2The Bagua Caisson Ceiling in the Main Hall

The Bagua octagonal caisson ceiling in the main hall of Gongfan Temple was the work of Wang Shu-fa. Normally, the distinguishing characteristic of caisson ceilings built by craftsmen from Xidi is that the brackets are joined together in layers which converge at the top center. However, the caisson ceiling in Gongfan Temple leaves the roof beam exposed. This caisson ceiling design is unique in Taiwan. The caisson measures 4.6 meters in width. The supporting structure at the base of the caisson is carved into figures of four flying dragons wearing expressions of happiness, anger, sadness, and joy. A dragon fish sits between the top of each of the four main columns and the rafter which crowns it. The delicately sculpted figures on the eave extensions are based on characters in Chinese mythology who presented treasures to Mazu.
The Bagua Caisson Ceiling in the Main Hall

3The Koji Ceramics

The Koji ceramics are located on the two sides of the Sanchuan Hall, the worship hall, and the main hall. These depictions of episodes from the Romance of the Three Kingdoms and from folk stories were created by contemporary Koji ceramic masters Chen Tian-qi (1906 – 1990) and Yao Zi-lai (1911 – 2007). The creativity and quality of the craftsmanship are stunning. In particular, the pieces on the left side of the main hall illustrating the tale of “Arresting and Freeing Cao on the Huarong Trail” with Guan Yu holding his Green Dragon Crescent Blade and Cao in his red robe are fine examples of the ingenuity of the artisans.
The Koji Ceramics

4The Brackets in Chinese Character Designs

The brackets that support the ceiling of the Sanchuan Hall were carved by masters from Zhangzhou, China when the temple was repaired during the Japanese Colonial Period. An interesting feature of these brackets is that they incorporate the Chinese characters “壬 (rén)” and “申 (shēn),” a stem and branch of the Chinese sexagenary calendrical cycle, into the supporting brackets, a highly unusual design in Taiwan. The repair happened to be carried out in 1932, a rén- shēn year, and the craftsmen came up with the idea of integrating the characters into the brackets to create this extraordinary effect.

5The Temple Corners and the Sanchuan Hall’s Dragon Columns

The stone sculptures created during the Japanese Colonial Era temple reconstruction were created by Jiang Jiu, also known as Master A-jiu. The dragon columns in the Sanchuan Hall and the decorations at the corners of the temple are of particular note. An open-mouthed dragon curls up each column of the Sanchuan Hall and the two end up facing each other. The dragons are vivid and lifelike and seem to be rolling their bodies and baring their claws. This stance is typical of the Japanese Colonial Period. The decorations at the corners of Gongfan Temple are different from those seen in other temples. Most temple corners are decorated with carvings of powerful men in postures indicating that they are supporting the building structure. Such carved men are usually portrayed as laborers—topless and muscular—and their features are generally Western. This portrayal was a small act of revenge on the part of Taiwanese temple builders, and a reflection of their frustrations under the rule of foreigners such as the Dutch, Portuguese, and Japanese. They deliberately carved these figures as Western laborers, assigning them the heaviest work of supporting the temple structure. The laborer carvings at the corner of Gongfan Temple though, have a comical look with thick eyebrows, large eyes, and a modern haircut, and wear suit.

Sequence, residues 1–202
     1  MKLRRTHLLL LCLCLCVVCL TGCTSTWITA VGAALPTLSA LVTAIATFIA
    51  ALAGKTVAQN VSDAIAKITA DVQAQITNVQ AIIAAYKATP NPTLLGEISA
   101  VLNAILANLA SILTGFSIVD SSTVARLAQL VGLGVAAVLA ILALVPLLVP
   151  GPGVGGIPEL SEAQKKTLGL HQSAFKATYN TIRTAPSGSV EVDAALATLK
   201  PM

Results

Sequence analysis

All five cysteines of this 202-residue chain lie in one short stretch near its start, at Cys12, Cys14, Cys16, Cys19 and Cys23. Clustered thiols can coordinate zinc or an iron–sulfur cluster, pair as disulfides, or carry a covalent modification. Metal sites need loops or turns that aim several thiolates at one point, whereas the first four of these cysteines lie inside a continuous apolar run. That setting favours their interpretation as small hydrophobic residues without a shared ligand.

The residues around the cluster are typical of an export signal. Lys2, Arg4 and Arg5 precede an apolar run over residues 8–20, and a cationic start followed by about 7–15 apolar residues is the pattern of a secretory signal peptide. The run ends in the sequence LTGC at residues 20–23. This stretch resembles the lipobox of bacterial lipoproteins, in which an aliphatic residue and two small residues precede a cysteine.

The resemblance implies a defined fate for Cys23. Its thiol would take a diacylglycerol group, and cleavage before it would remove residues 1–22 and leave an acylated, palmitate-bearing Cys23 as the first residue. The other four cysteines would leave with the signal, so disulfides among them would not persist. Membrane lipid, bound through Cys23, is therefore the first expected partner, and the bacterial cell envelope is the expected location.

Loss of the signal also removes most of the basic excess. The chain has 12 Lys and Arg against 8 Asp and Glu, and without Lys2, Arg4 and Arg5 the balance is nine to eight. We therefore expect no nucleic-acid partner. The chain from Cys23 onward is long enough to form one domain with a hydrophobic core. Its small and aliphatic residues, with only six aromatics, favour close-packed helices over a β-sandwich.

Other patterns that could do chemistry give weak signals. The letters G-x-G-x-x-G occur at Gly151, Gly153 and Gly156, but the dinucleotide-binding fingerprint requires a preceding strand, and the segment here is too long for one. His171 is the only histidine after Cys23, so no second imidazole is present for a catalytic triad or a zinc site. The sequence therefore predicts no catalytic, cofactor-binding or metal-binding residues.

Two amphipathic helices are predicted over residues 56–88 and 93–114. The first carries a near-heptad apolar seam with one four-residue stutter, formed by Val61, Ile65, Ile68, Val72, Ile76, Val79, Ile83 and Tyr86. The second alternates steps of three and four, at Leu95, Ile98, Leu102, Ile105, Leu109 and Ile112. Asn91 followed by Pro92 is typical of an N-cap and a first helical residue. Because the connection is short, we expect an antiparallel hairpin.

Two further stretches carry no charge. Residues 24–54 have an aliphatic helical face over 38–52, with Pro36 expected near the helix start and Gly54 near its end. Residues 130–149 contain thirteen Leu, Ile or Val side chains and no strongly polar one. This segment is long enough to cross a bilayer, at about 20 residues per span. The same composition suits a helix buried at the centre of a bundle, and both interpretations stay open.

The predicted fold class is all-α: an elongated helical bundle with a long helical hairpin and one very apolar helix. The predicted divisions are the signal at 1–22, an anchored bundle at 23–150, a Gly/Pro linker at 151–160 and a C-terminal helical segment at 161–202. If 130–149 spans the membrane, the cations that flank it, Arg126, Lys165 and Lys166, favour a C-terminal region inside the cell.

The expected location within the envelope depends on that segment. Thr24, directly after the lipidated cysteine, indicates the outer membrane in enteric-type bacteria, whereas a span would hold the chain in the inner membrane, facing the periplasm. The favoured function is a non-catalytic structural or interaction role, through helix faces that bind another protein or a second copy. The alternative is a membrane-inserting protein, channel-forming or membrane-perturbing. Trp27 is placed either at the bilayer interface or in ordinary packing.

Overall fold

The Sanchuan Hall’s Dragon ColumnsThe Temple Corners

6The Statues of the Main Mazu and Her Guards

The main Mazu statue in the shrine in the main hall is about two meters in height. It was made by wood carvers Huang Gui-li and Lin Guan-chang during the Japanese Colonial Period, after the original was damaged beyond repair. Each of her two guardian generals—Qian Li Yan (or Thousand-Mile Eyes) and Shun Feng Er (Follow-Wind Ears)—was also carved by Huang Gui-li using an entire camphor tree. These two characters are spoken of in Chinese legend as having the power to see and hear everything. The statues are perfect in proportion and fearless in aspect. Huang Gui-li and his fellow Zhangzhou carvers also created phoenix cornices for the main temple columns, and depicted stories from Chinese mythology on the extensions of the beams to make the Sanchuan Hall even more splendid.
The Statues of the Main Mazu

Reminders

Many Mazu temples around Taiwan have acquired Mazu statues which were consecrated and imparted with Mazu’s spirit in Mailiao’s Gongfan Temple. On the eve of Mazu’s birthday, the 23rd day of the third lunar month, believers from these temples come to pay respects to the Mazu here and celebrate the divine deity’s birthday. This is the time of year when the temple is at its busiest.